The Health Ministry’s National Food Service is responsible for public health insofar as it relates to regard to sanitation at the level of the producers of food, whether fresh or processed. Every year there are hundreds of recalls of food products in Israel. Businesses that fail to comply with sanitary standards are fined and ordered to destroy affected food. Israelis assume that they can buy food safely, because the food industry is regulated and supervised, and that it can trust the Health Ministry’s supervisory system.
The recent salmonella outbreak didn’t only harm the Strauss Group’s profits, stock price and public image. The Health Ministry was aware April 19 of the presence of salmonella in the company’s Elite chocolate manufacturing plant in Nof Hagalil – five days before the public was informed and a recall was ordered of the affected products. This fact deals a serious blow to the public’s trust in the ministry.
Health Ministry officials argue that the National Food Service acted appropriately and in accordance with the law, explaining that the investigation took a few days. Some experts not affiliated with the ministry also think that since the bacteria was found in the manufacturing environment rather than in the products themselves, it wasn’t necessary to inform the public and recall the products immediately. Health Minister Nitzan Horowitz said the company will conduct thorough, stringent checks. “We’ll do everything possible to preserve people’s health,” he added. “Anyone who doesn’t meet our standards won’t sell products in Israel.”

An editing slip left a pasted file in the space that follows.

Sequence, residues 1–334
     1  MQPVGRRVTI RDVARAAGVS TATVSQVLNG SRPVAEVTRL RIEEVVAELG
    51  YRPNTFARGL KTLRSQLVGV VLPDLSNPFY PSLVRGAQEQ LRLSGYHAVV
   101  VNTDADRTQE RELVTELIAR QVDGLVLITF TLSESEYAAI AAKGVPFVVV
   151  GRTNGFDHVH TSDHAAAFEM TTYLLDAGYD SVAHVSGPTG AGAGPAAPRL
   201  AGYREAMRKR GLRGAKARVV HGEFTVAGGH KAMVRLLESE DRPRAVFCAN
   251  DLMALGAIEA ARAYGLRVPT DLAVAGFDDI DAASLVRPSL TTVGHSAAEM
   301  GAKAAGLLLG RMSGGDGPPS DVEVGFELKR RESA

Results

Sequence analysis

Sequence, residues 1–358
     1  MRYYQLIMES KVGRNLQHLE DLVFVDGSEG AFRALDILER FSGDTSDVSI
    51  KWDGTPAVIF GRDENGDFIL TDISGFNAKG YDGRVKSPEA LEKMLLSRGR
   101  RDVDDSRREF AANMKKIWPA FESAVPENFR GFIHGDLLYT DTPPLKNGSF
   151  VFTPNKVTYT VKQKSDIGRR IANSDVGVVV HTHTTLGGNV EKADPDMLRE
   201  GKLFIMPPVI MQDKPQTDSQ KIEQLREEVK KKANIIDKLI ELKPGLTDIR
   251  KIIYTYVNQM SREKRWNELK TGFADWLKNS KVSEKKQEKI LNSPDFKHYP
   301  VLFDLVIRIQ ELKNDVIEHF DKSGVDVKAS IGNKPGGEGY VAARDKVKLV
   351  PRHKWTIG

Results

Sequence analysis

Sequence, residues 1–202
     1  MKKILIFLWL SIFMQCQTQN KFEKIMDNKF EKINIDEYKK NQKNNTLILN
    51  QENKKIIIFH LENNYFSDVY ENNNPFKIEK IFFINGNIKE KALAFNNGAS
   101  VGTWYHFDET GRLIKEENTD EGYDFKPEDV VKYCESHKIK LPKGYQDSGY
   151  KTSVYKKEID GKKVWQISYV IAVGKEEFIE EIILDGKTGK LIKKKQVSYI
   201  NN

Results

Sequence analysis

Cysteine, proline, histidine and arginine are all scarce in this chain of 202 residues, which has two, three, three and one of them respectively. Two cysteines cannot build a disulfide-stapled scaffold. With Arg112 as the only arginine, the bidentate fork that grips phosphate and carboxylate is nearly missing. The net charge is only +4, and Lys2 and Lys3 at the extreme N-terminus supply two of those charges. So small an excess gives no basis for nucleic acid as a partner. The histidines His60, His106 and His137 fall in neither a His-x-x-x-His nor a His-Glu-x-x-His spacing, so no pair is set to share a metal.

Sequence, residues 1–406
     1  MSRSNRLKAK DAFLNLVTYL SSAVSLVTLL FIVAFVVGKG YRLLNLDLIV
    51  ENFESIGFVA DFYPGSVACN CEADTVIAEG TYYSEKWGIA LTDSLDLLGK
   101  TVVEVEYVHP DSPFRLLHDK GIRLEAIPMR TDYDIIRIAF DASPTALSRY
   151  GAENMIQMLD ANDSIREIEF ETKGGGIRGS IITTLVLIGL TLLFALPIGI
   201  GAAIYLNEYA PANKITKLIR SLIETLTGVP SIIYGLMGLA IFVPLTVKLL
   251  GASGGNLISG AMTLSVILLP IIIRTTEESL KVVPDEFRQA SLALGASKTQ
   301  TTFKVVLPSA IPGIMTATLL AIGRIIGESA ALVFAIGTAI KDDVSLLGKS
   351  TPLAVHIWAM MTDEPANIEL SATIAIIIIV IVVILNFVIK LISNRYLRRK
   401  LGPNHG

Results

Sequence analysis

But it’s hard to say these statements reassured the people who buy Strauss’ products. This incident left them with the feeling that the Health Ministry preferred the welfare of a food corporation to our own, and that the economic damage to the company if the products ultimately turned out not to be affected was prioritized over a comprehensive order to remove products from the shelves immediately for the public’s sake.
In 2020, Eli Gordon retired as the director of the National Food Service, resigned. In a farewell letter, he wrote that “the food industry is rife with various interests, and we have to navigate among these crises. ... There is naturally ingratitude toward regulation; it has elements of supervision and enforcement – some would say ‘barriers’ – that are meant to protect the public’s health. Nevertheless, it steers the food ship to safe harbor.”
But this case of salmonella is a sign that the harbor is not completely safe. For the Health Ministry to make it safe, it must tighten its regulation and supervision of food products. And first and foremost, it must focus on the welfare of the public, not that of the companies.